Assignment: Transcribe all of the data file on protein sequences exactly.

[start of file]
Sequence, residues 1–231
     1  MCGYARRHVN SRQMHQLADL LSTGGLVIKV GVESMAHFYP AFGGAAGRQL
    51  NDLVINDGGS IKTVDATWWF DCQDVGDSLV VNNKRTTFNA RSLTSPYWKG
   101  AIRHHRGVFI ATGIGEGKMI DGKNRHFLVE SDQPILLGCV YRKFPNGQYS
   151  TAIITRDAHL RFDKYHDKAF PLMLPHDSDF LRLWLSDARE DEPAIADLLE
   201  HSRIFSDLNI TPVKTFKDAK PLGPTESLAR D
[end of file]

Sequence, residues 1–231
     1  MCGYARRHVN SRQMHQLADL LSTGGLVIKV GVESMAHFYP AFGGAAGRQL
    51  NDLVINDGGS IKTVDATWWF DCQDVGDSLV VNNKRTTFNA RSLTSPYWKG
   101  AIRHHRGVFI ATGIGEGKMI DGKNRHFLVE SDQPILLGCV YRKFPNGQYS
   151  TAIITRDAHL RFDKYHDKAF PLMLPHDSDF LRLWLSDARE DEPAIADLLE
   201  HSRIFSDLNI TPVKTFKDAK PLGPTESLAR D